Society

The Safest States in the US

A look at the safest U.S. states as determined by multi-factorial analyses. The safest are found in the New England region of the Northeast United States.

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There may be no worse feeling than feeling insecure or in danger, whether that be a fear for one’s life, financial trouble, or lying in the path of a storm. With a number of safety criteria in mind, however, the New England region of the United States appears idyllic. Most of New England's urban and rural areas alike have low crime rates. Furthermore, the region is not as prone to many types of natural disasters as are other areas of the U.S., it is home to some of the nation's finest educational institutions, and sees some of the highest median incomes and quality of life measures of anywhere else in the country.

The safest states to live in the United States are characterized by rates of violence and crime well below national norms. The states are listed based on their violent crime rate. All data comes from the Federal Bureau of Investigation

The Safest States in the US - New England Leads the Way

Maine - 121 per 100,000

By measure of violent crime rate, Maine is the safest state in the US. Maine is a sparsely populated state and is the most northern state in New England, known for its rugged coastline on the Atlantic Ocean. The violent crime rate of Maine is 121 per 100,000 residents. The largest city in Maine is Portland while its capital city is Augusta.

Vermont - 165.8 per 100,000

Vermont, New Hampshire's neighbor to the west, is the second safest state in the United States. Vermont's violent crime rate is 165.8 per 100,000. Vermont is the second least populated states in the union, after only Wyoming. It is known for its pristine green hills and largely untouched wilderness.

New Hampshire - 198.7 per 100,000

New Hampshire has the third lowest violent crime rate in the US, at 198.7 per 100,000 people. Residents of New Hampshire enjoy the active outdoor lifestyle that New England has to offer, as well as four distinct seasons throughout the year. New Hampshire was called the best state for small businesses.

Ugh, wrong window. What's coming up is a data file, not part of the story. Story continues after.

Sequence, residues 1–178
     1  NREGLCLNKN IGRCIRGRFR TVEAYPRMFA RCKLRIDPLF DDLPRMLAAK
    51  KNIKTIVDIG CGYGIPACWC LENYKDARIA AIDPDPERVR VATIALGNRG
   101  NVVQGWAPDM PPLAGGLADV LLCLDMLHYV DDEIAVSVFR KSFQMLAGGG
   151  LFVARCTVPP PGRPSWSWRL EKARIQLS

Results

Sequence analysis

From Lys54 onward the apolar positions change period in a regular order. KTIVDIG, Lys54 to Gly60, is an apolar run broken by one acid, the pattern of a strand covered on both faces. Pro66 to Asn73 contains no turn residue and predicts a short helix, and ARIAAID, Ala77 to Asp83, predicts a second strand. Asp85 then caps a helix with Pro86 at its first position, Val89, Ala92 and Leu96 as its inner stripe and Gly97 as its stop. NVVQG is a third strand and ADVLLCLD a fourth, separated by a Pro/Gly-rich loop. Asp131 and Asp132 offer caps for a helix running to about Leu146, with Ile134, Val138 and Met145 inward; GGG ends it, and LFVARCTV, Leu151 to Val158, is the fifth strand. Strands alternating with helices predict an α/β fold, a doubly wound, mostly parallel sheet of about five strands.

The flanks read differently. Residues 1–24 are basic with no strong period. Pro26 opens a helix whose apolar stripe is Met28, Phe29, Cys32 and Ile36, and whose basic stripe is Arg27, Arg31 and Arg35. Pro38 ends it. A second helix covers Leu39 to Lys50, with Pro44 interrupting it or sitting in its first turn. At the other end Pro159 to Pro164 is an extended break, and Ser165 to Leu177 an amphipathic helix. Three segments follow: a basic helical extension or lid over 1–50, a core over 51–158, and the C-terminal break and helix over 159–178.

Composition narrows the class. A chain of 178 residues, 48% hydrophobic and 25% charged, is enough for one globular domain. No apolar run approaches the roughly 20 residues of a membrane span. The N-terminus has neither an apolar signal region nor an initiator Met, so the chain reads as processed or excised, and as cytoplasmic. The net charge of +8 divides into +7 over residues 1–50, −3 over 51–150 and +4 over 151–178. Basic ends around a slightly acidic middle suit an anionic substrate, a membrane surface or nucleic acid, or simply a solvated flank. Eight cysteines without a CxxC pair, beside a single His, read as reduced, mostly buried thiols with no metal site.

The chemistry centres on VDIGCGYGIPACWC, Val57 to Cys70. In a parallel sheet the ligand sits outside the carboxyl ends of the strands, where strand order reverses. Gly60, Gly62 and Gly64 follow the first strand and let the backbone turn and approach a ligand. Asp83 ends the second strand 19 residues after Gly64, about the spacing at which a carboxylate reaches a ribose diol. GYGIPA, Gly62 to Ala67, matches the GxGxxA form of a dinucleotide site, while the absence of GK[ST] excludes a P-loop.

Virginia - 208.3 per 100,000

Virginia, the first state on the list outside of New England, has a violent crime rate of 198.7 per 100,000. This makes it the fourth safest state in the country by this measure. Virginia has a population of 8.47 million and is known for its proximity to Washington, DC. Notably, the District of Columbia actually has the highest crime rate in the country.

Kentucky - 225.8 per 100,000

The violent crime rate in Kentucky is only 225.9 per 100,000 people – well below the country's average. Kentucky has a population of around 4.4 million and is located on the cusp of the country's southern region.



Environments Conducive to General Safety

Socioeconomic indicators point to the safest states' high marks in the survey. The residents in the safest states in the country typically earn at or above the national median income level of $52,250. The survey also revealed that the members of the populations of these states generally have better financial security than do most other Americans living elsewhere. While poverty still exists, the rates of financial insufficiency within these states are considerably lower than those of the national average. Educational level and achievements also play a large role in placing these states among the safest in the nation. Factors like good educational attainment often correlate to lessened crime and this points to the fact that the safest states may be getting even safer as higher educational levels become more and more prevalent within them.

What are the Safest States in the United States?

The states with the lowest crime rates include New Hampshire, Vermont, Maine, and Connecticut.

The United States Ranked By Safety

RankStateCrime Rate (Annual Per 100,000 People)
1Maine121
2Vermont165.8
3New Hampshire 198.7
4Virginia208.2
5Kentucky225.8
6Idaho226.4
7Connecticut 228
8New Jersey228.8
9Rhode Island232.2
10Wyoming237.5
11Minnesota238.3
12Utah238.9
13Iowa239.4
14Hawaii250.6
15North Dakota281.3
16Oregon281.8
17Mississippi 285.7
18Ohio297.5
19Washington304.5
20Nebraska305.9
21Pennsylvania313.3
22Wisconsin319.9
23West Virginia350.7
24New York356.7
25Georgia357.2
26Massachusetts358
27North Carolina363.7
28Colorado368.1
29Montana377.1
30United States Average394
31Indiana399
32Florida408
33Kansas413
34South Dakota433.6
35Illinois438.8
36Texas438.9
37California449.3
38Michigan450
39Delaware 453.4
40Oklahoma456.2
41Maryland500.2
42South Carolina506.2
43Arizona508
44Alabama524.2
45Missouri530.3
46Arkansas 554.9
47Nevada555.9
48Louisiana 557
49Tennessee651.5
50New Mexico783.5
51Alaska829
52District of Columbia1004.9

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